First Major Christie’s Punk Auction set for NYC

Associated Press

NEW YORK (AP) – Never mind the auction block – here’s the Sex Pistols.

Memorabilia from some of punk rock’s biggest acts and seminal moments – including a scrawled flier for one of the Clash’s first shows and publicity photos signed by the Sex Pistols – is headed for a Nov. 24 Christie’s auction.

The event, announced Tuesday, includes more than 120 records, photos and promotional pieces for such punk, garage rock and new wave legends as the Velvet Underground, Patti Smith, the Ramones, David Bowie, Blondie, the Cure and the Smiths.

The auction is Christie’s first to focus on punk mementos, signaling the collectible status of a brash, anti-authoritarian rock movement that largely thumbed its nose at posterity.

“We understand that tastes change, tastes mature,” said Christie’s pop-culture chief Simeon Lipman. “Ten years ago, punk memorabilia probably wouldn’t be something we’d be auctioning here. But now, people of a certain age have a certain ability to splurge on this material.”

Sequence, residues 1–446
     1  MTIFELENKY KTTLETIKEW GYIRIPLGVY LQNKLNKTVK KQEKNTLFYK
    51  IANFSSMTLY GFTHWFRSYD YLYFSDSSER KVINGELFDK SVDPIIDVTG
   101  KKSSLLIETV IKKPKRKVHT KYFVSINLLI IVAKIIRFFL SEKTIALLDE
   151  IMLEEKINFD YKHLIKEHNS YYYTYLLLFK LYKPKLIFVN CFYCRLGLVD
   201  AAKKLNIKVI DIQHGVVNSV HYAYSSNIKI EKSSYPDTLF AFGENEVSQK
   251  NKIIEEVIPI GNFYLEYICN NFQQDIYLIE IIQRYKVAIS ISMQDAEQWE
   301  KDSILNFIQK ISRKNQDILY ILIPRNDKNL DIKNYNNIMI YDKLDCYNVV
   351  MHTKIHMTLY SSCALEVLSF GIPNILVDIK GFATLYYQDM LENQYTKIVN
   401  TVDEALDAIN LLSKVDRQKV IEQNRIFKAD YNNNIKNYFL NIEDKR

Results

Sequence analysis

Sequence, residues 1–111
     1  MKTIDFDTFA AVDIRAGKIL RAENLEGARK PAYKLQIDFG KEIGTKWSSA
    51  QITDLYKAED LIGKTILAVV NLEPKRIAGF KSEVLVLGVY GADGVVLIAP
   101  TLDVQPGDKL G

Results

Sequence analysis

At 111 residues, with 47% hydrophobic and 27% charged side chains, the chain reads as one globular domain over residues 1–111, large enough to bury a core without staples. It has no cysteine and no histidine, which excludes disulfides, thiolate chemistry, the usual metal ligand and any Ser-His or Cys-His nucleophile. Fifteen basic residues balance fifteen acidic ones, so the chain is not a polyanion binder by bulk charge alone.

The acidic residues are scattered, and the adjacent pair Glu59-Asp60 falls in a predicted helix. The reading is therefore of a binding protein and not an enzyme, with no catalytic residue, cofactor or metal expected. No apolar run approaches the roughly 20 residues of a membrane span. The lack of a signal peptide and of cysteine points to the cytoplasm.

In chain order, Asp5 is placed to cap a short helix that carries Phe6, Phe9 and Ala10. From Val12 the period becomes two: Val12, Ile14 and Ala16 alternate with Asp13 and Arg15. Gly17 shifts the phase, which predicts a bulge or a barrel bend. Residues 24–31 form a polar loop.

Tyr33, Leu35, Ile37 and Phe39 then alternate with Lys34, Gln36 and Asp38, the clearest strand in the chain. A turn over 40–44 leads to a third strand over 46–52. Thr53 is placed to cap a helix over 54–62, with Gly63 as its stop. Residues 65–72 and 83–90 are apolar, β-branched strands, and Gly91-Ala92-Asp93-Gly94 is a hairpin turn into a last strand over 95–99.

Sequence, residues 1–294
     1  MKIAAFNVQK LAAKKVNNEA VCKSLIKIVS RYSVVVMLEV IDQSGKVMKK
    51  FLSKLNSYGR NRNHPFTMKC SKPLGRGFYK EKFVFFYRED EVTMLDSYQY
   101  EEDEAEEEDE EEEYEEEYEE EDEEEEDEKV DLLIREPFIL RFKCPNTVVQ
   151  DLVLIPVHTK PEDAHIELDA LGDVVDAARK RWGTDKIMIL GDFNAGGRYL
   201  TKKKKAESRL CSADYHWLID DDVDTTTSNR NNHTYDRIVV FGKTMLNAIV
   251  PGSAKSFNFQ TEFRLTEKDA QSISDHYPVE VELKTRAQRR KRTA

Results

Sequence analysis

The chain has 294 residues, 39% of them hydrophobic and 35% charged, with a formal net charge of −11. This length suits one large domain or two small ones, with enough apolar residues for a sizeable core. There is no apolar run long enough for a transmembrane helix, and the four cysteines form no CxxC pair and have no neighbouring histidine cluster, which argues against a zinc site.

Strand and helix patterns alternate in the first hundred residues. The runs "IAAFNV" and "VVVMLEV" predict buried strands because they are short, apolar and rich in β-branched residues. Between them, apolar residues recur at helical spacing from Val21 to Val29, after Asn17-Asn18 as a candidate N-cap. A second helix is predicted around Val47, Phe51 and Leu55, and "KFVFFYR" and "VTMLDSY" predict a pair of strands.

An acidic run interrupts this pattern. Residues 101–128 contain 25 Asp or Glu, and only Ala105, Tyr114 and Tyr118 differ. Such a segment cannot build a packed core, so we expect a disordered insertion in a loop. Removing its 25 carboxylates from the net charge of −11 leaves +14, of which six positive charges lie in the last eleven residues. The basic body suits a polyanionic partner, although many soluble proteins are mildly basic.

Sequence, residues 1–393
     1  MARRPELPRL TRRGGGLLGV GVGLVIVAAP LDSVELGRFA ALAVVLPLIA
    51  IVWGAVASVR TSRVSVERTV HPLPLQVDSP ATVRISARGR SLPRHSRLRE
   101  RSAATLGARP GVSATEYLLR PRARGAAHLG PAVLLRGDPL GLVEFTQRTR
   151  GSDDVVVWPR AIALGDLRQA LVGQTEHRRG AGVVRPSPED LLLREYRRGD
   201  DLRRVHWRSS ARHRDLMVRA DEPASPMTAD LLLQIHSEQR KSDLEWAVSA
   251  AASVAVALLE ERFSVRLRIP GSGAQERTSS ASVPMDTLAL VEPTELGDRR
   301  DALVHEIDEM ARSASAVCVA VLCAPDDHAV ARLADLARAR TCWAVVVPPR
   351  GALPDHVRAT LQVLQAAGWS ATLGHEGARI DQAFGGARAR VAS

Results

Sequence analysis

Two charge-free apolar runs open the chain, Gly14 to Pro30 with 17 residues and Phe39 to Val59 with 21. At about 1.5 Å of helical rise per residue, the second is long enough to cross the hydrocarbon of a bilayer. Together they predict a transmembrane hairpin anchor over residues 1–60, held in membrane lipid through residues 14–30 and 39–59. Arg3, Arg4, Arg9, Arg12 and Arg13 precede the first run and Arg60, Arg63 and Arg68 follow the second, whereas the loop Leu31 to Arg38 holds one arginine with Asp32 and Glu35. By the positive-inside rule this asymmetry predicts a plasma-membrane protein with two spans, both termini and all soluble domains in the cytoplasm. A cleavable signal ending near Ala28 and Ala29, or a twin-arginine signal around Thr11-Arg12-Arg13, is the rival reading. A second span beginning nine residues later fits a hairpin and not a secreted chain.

Should they care to, highlights include a rare poster for a 1976 Ramones concert in London widely credited with helping inspire such British punk titans as the Clash and the Sex Pistols and a flier for a show later that year featuring the latter two bands and the Buzzcocks.

Other prime finds: a copy of the Sex Pistols’ first press release and a 1966 promotional packet in which an up-and-comer called David Jones promulgated his new last name: Bowie.

The various punk items are expected to fetch between $300 and $6,000 apiece.

The items generally weren’t designed to last for decades, making the few that have survived all the more tantalizing, Lipman said.

Even when the global financial meltdown is sapping a once-raging art market, “with pop-culture items, there’s sort of a nostalgia that drives it. It’s not necessarily a need to invest – it’s ‘that’s cool,'” he said.

The auction also features artist-designed toys and several big-ticket classic-rock collectibles, such as the portable organ John Lennon played in the Beatles’ indelible 1965 appearance at Shea Stadium. Drawing a then startling 55,000 fans, it ushered in the era of stadium-size rock concerts.

The instrument was broken during the show and quickly traded in at an Atlanta music shop, where the owner realized its significance and held onto it, Lipman said. The now-functioning organ is expected to fetch $150,000 to $200,000.